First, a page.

Duchesse De Bourgogne: where beer, cider & wine meet
You probably haven’t heard of Brouwerij Verhaeghe Vichte but, like many Belgian breweries, that’s because its beers are much more famous than the place that makes it.
Verhaeghe Brewery, found about halfway between Ghent and Lille, is one of two world-famous producers of the Flanders Red. This barrel-aged style is still almost unique to Belgium and is little understood. Found at the place where cider, red wine and beer all collide, it is a fascinating beer and way of brewing.
The beer is lightly hopped so there is almost no bitterness, and brewed with plenty of caramel-tinged malts for a sugary sweetness. Once fermented the beer is piped into giant oak casks and left to age. Here, the wild bacteria in the wood slowly sours the beer. Some beer is aged for eight months, and some for 18. The older the beer, the more sour and complex it has become. These two vintages are then blended to create a complex red ale that has notes of caramel, cherry and balsamic vinegar.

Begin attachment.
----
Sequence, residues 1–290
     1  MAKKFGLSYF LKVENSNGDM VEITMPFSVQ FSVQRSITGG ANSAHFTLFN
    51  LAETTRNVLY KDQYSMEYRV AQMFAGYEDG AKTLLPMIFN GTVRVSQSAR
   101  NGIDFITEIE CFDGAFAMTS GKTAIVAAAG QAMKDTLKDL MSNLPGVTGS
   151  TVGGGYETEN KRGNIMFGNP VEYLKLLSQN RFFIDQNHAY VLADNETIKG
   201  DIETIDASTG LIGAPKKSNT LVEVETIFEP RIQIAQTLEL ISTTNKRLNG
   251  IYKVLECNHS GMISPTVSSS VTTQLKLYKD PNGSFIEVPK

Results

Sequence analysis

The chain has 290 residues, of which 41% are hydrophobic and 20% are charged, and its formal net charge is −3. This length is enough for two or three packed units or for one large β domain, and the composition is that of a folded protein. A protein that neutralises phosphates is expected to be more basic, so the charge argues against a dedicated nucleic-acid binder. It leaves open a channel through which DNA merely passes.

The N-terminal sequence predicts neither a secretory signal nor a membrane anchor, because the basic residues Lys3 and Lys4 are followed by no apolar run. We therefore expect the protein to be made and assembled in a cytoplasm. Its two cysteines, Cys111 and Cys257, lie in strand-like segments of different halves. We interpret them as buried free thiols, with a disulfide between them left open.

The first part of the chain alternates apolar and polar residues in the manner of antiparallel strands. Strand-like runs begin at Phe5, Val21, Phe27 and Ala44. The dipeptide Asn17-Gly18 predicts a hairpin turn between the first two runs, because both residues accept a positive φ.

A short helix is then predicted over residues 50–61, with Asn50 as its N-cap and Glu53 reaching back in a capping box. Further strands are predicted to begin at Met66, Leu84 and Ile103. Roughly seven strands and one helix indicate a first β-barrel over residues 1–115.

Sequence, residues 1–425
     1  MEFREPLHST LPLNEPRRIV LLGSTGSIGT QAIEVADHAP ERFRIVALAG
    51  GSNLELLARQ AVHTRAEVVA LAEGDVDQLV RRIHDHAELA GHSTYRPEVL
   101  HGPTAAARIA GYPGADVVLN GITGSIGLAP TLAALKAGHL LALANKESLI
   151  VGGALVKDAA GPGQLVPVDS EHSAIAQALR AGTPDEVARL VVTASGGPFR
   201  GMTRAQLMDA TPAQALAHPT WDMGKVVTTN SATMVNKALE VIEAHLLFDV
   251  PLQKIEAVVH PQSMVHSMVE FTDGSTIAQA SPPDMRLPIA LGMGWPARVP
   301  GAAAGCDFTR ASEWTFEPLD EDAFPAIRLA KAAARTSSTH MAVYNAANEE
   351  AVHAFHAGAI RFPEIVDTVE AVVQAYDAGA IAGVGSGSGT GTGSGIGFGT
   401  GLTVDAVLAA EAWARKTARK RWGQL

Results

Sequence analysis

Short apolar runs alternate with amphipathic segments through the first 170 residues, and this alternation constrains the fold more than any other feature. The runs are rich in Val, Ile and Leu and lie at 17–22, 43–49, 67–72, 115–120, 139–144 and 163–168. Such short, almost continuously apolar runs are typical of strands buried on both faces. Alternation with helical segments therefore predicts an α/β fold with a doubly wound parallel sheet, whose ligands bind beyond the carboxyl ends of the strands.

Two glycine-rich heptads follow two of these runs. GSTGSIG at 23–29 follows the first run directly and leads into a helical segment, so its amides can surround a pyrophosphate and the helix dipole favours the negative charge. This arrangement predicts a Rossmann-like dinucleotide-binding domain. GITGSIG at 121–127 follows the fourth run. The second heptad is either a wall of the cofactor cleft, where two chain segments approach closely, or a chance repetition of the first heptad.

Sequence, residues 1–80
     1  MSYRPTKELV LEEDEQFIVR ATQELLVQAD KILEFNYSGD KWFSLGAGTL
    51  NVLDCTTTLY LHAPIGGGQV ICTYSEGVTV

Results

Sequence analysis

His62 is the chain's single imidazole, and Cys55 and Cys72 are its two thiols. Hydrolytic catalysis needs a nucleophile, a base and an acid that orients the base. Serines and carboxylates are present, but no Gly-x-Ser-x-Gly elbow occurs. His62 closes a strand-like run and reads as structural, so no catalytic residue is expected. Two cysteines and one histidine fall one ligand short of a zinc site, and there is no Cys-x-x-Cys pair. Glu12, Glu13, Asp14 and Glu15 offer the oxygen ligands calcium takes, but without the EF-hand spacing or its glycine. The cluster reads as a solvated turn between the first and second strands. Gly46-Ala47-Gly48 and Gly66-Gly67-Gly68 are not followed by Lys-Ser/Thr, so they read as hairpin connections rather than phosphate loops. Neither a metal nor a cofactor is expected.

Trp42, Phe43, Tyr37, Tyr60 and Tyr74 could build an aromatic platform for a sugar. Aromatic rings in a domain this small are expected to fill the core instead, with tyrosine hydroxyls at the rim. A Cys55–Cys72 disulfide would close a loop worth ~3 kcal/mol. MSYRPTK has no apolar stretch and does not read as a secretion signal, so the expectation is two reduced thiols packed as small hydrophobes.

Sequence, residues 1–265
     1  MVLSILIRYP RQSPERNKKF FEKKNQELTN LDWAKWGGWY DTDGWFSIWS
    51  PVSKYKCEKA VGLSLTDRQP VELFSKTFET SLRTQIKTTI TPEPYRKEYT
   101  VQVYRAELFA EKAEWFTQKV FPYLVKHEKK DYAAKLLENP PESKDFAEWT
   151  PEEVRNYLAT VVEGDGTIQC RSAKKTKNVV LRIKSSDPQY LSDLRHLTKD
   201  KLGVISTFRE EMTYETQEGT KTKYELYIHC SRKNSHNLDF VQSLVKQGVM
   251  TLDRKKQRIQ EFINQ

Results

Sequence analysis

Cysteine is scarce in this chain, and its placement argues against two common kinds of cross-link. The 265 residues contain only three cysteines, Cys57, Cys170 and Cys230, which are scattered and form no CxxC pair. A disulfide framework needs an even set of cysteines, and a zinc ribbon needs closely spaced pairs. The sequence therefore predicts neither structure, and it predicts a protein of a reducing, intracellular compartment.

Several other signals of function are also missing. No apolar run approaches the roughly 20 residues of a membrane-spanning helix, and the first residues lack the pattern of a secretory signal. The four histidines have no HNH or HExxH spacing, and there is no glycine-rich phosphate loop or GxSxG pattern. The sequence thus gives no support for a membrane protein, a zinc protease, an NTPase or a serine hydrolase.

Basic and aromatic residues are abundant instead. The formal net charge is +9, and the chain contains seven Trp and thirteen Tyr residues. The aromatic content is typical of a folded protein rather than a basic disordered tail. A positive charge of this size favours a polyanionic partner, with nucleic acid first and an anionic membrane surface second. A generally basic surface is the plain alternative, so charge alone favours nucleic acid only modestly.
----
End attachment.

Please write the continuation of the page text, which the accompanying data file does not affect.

Not only is this beer a fantastic sipper, it’s unbelievable with food. Try cutting through a hearty beef stew with it, or using it like a chutney with some soft brie or goat’s cheese. The latter is even better with Echt Kriekenbier, a version of their base beer refermented over Belgian cherries.
These two beers have been made at the brewery for over 50 years, but they haven’t always been the focus. During the First World War, the brewery closed in protest to German rule and was therefore dismantled. It was rebuilt shortly after peace was declared, only for France to be occupied again. This time the brewers were forced to make Pilsner for the Germans, and they still brew the beer today despite being known for more adventurous beers.
The success of the Duchesse De Bourgogne has assured the future of a brewery rich inexperience and dedicated to producing unique, delicious beer.To try the beer or buy it for your pub, bar, restaurant or shop, contact your rep or call 01622 710339 to set up an account.